Royal Botanic Gardens

Close to the hearts of all those who call Melbourne home, the Royal Botanic Gardens is really a top place to build relationships local life. Dating from 1857, this 38-hectare swathe of hilly green space close to the CBD is divided up into different themes having a lake at its centre. It's the perfect spot to enjoy a long afternoon picnicking and then stroll the myriad paths inside the park. There's also a purpose-built Children's Garden for families with a water fountain and man-made creek to splash in come summer.

Night and day, but particularly early in the mornings, you will be sharing the perimeter with fitness fanatics running the 3.84km circuit from the garden known locally as 'The Tan'. Keen botanists should check the website for free guided tours.

Melbourne's churches

You needn't be religious to appreciate the construction of some of Melbourne's grand churches. The gothic St Paul's Cathedral (opposite Federation Square) is made on a single site in which the first Christian service in Victoria was held in 1835. A couple of minutes away would be the St Michael's Uniting Church and the Scots Church: both also architecturally impressive and quiet oases within the city.

The State Library of Victoria

The State Library of Victoria heritage building was established in 1854 and today, their collection numbers a lot more than two million books. But they're really here for your building. Its epicentre, the octagonal La Trobe Reading Room, was carried out 1913 when its dome was the biggest available on the planet. Sun light illuminates the ornate plaster work and also the studious Melburnians who come here to pen their essays.

Grab a map at the front desk and go for a self-guided tour from the Reading Room and the exhibition galleries. The library also plays host to some revolving door of exhibitions from literary to the fine arts, in addition to free classes, workshops, talks and kids activities.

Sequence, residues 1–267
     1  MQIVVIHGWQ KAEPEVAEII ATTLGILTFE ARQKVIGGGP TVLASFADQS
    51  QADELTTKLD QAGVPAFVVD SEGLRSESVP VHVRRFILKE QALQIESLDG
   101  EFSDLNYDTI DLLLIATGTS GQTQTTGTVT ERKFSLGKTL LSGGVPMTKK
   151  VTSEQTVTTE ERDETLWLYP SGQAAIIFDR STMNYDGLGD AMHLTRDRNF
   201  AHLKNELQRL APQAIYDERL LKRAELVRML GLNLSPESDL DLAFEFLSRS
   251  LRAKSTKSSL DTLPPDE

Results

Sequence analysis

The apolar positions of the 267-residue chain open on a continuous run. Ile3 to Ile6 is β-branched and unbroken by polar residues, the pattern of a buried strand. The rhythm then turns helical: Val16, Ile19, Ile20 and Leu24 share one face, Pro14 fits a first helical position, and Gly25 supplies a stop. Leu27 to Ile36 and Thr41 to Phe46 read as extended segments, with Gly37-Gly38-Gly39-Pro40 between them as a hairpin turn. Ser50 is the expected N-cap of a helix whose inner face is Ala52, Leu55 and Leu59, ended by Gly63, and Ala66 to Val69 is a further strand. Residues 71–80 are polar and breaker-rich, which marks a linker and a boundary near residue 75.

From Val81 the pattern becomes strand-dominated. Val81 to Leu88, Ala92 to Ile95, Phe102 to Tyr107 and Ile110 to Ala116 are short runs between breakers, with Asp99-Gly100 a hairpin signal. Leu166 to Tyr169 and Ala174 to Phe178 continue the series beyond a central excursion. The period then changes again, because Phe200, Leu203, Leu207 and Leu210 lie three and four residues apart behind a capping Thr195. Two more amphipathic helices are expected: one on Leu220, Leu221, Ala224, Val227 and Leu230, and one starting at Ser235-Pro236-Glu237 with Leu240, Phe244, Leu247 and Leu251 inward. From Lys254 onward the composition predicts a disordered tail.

Wheeler Centre

The founders of Lonely Planet funded the Wheeler Centre in 2010, exactly the same year Melbourne was listed as a UNESCO City of Literature. Occupying a portion of the State Library Building, the Centre is a space for 'books, writing and ideas'. Regular events, including workshops and talks from artists, writers, architects and publishers are often liberated to attend. Bookings can be created through the website.

Live music

After coffee, street art and footy (Australian Rules football, that's) Melburnians love their live music. There is a host of free gigs on all around the city virtually every day of the week. In the city Cherry is infamous as a rock venue and it has a mix of free and paid-entry gigs. Also in town is Toff around. If you like folk, blues, jazz, pop, or perhaps Australian hip-hop (yep there is such a thing) check listings from our street press like Beat, which you can pick up at bars, pubs and cafes, or the indy radio-station RRR's online gig guide. Beyond the CBD, suburbs such as Northcote (Northcote Social Club), Brunswick (Retreat Hotel) and St Kilda (The Esplanade Hotel) all have lots of live-music venues.